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How do University Experiences Contribute to Students’ Psychological Wellbeing?

Abstract

Wellbeing has important implications for students’ success during and beyond university. As such, educators need clear empirical evidence of the aspects of university life that contribute to students’ wellbeing. We use a mixed-methods approach to ask whether and how students’ diverse university experiences contribute to their self-rated wellbeing. In an online survey, 696 students provided accounts of positive and negative experiences at university and self-rated their wellbeing using the Warwick-Edinburgh Mental Wellbeing Scale (WEMWBS).   Most of the sample reported high wellbeing, though there was diversity in their reported experiences. Regression analysis revealed that students’ experiences at university significantly contributed to the variation in their wellbeing scores. Social and academic experiences were the strongest positive contributors  to student wellbeing; whereas gender, social experiences and emotional experiences were the strongest negative contributors. Our findings offer guidance for strategies within academic and non-academic university contexts that can effectively and efficiently promote student wellbeing.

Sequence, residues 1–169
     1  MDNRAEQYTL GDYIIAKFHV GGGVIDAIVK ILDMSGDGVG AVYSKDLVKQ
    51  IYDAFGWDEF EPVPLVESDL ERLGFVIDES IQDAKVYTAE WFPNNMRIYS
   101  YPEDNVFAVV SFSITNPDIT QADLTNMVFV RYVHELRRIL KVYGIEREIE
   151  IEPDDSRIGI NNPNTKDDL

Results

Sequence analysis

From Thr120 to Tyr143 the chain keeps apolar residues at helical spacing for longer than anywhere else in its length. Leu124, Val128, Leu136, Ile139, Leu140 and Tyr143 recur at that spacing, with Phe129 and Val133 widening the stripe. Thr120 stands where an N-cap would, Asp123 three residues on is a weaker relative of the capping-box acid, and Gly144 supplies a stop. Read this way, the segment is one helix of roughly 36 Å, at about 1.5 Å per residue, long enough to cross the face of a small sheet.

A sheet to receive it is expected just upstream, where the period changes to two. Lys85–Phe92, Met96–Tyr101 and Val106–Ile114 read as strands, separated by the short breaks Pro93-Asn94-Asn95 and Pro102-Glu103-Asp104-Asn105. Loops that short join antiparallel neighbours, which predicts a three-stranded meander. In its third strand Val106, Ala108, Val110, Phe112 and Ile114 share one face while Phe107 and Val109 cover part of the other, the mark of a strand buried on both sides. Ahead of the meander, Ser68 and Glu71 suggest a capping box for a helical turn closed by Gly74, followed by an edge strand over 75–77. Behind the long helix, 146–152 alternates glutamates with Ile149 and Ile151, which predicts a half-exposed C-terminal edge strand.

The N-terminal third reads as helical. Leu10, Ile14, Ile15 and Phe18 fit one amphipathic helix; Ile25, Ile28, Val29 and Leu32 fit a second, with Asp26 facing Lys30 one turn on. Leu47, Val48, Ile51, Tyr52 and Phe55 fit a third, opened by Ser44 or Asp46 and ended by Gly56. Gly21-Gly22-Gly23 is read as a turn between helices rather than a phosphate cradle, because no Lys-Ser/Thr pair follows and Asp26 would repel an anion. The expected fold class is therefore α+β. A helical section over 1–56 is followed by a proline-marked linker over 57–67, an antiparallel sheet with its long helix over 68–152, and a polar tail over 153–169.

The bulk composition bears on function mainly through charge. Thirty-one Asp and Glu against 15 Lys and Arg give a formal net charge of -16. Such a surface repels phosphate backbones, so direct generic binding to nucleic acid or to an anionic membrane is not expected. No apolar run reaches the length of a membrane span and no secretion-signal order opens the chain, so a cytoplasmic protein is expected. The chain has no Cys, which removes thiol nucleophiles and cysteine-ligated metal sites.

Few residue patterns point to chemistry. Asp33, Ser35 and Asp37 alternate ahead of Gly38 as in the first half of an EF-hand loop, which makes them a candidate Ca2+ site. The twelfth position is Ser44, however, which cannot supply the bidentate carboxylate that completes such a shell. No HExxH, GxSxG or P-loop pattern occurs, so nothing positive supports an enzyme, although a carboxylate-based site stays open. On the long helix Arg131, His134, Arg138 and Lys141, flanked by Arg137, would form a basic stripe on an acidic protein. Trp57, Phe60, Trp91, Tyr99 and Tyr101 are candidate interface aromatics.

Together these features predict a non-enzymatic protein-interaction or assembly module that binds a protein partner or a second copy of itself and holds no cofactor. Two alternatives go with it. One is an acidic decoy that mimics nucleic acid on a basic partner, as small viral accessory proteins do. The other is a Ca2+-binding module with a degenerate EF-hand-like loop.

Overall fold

Published:
Pages:99 to 108
Section: Articles
0 citation(s) in Scopus
0 citation(s) in Web of Science

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Author Biography

The University of Melbourne
Australia Australia

Dr Abi Brooker is a lecturer and teaching specialist at the Melbourne School of Psychological Sciences, the University of Melbourne. Trained in lifespan developmental psychology, her research interests include the relationship between curriculum and psychological wellbeing in universities, the relationship between psychological wellbeing and psychological distress, and the challenges of young adulthood in the 21st century. Her teaching areas include developmental psychology, lifespan developmental psychology, and psychopathology.